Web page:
Drawing from the everyday, Raj Jeshang creates serene and charming still animations

Specialising in motion graphics, 3D art, video editing and kinetic typography, the New York-based animator is making waves with his colourful creations.

17 December 2021

It’s always brave to go against the grain and follow your own path, rather than someone else’s. When Raj Jeshang was growing up in Dar es Salaam, Tanzania, he was discouraged by his parents from pursuing anything creative. Instead, they wanted him to attend a top university in America or the UK and become a doctor or engineer. “An animator was not a respected career to them,” he tells It’s Nice That. “Now, they’re glad I never gave into the pressure to be someone I didn’t want to be.”

When the 2000s came, Raj travelled to the US to study film and animation at the Savannah College of Art and Design, acquiring bott a BFA and MFA in the moving image field. Nine years down the line he moved to Brooklyn, where he currently resides and works as a full-time animator and illustrator spanning motion graphics, 3D art, video editing and kinetic typography. All of which succumbs to an exceptional level of storytelling, where Raj carves out narratives and visuals for clients such as Origins, Bumble and Bumble, Nest Fragrances, Topix Skincare and Philosophy.

His successful artistic practice, then, is something that he nurtured from a young age. Growing up, Raj would often watch his father draw and asked him to teach the technique of observational drawing. “I loved aviation, and when I was four or five, he would take me to the airport to watch airplanes and I’d draw them,” he recalls. “I also remember him explaining how perspective works.” Another fond memory is of the family-run auto shop, which Raj would help out at once he was older, making licence plates and in turn gaining a steadier hand. “I loved painting the numbers and letters by hand, though I made a lot of mistakes,” he says. Coupled with an adoration for flip books and cartoons – plus an inquisition as to how they were created – this would effectively go on to steer his artworks down the line.

“Naturally,” he adds, “I wondered how animations were made and my dad showed me how to make a flip book. It really blew my mind to see a ball bounce on paper. After that, I made a flip book out of novels, textbooks, notebooks – anything I could get my hands on. Even into high school, during class I made flip books in the margins of a rocket taking off. My teachers weren’t happy about it.”


Raj Jeshang: Last Weekend in Brooklyn (Copyright © Raj Jeshang, 2021)

A quick glance at Raj’s portfolio and you can instantly get a feel for the subject matter that excites him the most: the everyday and mundane moments of urban life. Having always lived in a city, Raj is able to zoom in on the hustle and bustle and, with it, cancel out the noise and focus in on one element. This is usually something quite normal – anything from rainwater flowing to people relaxing in the grass. “Maybe I find myself drawn to mundane things that I didn’t experience growing up in Tanzania,” he notes. “I certainly didn’t experience crunchy fall leaves or tranquil parks like Prospect Park.” In this sense, Raj takes the things we’ve all grown to know and ignore, only to twist them into his own beautifully animation version where time slows down and everything becomes more vivid. This becomes especially prevalent in his still animations, a painterly technique that allows him to “focus on each scene, each camera angle as its own gif,” he says.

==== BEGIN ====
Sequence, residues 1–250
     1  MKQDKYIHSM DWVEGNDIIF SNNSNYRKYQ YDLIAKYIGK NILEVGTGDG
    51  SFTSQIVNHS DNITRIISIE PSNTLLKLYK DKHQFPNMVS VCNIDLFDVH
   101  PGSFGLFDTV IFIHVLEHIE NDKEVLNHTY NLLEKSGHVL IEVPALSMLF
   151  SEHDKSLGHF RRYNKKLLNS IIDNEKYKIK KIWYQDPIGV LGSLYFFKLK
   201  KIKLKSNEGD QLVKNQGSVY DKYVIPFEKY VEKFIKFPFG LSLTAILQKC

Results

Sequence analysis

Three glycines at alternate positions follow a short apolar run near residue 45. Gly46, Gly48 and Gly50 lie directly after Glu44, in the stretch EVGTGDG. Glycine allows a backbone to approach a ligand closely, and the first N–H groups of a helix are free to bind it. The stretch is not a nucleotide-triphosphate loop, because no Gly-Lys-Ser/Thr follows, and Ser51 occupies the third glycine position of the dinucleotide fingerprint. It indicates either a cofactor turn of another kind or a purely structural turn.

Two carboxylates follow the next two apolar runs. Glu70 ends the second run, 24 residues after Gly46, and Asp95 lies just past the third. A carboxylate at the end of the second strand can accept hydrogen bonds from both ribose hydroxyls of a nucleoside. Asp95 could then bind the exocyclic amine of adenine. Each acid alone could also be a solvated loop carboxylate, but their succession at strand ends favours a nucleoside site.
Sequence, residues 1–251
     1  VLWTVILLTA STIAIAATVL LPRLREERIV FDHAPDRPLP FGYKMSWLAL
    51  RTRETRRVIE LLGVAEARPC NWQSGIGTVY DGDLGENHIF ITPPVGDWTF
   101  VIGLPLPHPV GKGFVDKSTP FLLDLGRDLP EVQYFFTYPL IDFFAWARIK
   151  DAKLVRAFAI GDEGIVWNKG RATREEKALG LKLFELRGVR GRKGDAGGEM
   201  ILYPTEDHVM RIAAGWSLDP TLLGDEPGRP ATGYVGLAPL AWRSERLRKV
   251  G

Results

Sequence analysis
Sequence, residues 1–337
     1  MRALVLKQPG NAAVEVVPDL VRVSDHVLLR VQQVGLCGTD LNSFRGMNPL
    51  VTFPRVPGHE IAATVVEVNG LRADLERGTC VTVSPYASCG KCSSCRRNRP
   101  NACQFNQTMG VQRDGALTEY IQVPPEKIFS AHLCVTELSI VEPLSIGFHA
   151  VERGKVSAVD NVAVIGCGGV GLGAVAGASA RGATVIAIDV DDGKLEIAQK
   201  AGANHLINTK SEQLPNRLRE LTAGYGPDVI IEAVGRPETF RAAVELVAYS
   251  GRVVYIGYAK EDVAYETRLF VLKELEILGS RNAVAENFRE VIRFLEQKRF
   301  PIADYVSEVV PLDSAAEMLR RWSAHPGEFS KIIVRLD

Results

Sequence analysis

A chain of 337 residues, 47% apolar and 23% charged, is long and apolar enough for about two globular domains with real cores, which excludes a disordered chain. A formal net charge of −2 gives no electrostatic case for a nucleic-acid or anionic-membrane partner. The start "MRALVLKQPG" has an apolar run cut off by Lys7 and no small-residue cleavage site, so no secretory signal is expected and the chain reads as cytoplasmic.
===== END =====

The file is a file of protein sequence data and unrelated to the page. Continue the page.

In a recent piece titled In the Quiet of Prospect Park, Raj looks at the memory of a “rare” weekday afternoon he had off, as he’d planned to fly to London that evening. “My girlfriend (now wife) Becky and I decided we would spend the time under a tree. I remember feeling peaceful and seeing how peaceful Becky looked, with sun rays dancing on her skin,” he says. “I wanted to capture that atmosphere but didn’t know how.” Meanwhile, a few months down the line and the pair had gone to see an animation named Only Yesterday by Isao Takahata. “I was blown away by the lush backgrounds, so that led me to try and simulate oil paints.” The result is an utterly peaceful still animation that takes you to a beautiful day in the grass – a universal freeze frame that many can relate to.

There are many more animations of this kind, where charming moments from everyday life are spruced up with Raj’s signature animation style – one of serenity and beauty. This includes falling leaves, water gushing into the gutter, or an 18-frame animation inspired by a Tame Impala music video. We’re completely enamoured by the skill and technique of this artist so far, and sure you will be too.


Raj Jeshang: Rain and Fall in Ditmas Park (Copyright © Raj Jeshang, 2021)


Raj Jeshang: Rainy Streets (Copyright © Raj Jeshang, 2021)


Raj Jeshang: Swipe Again (Copyright © Raj Jeshang, 2021)


Raj Jeshang: Still Here Still Life Week 49 (Copyright © Raj Jeshang, 2021)


Raj Jeshang: Tomorrow (Copyright © Raj Jeshang, 2021)


Raj Jeshang: Brooklyn Bridge (Copyright © Raj Jeshang, 2021)

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Raj Jeshang: In the Quiet of Prospect Park (Copyright © Raj Jeshang, 2021)

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About the Author

Ayla Angelos

Ayla is a London-based freelance writer, editor and consultant specialising in art, photography, design and culture. After joining It’s Nice That in 2017 as editorial assistant, she was interim online editor in 2022/2023 and continues to work with us on a freelance basis. She has written for i-D, Dazed, AnOther, WePresent, Port, Elephant and more, and she is also the managing editor of design magazine Anima. 

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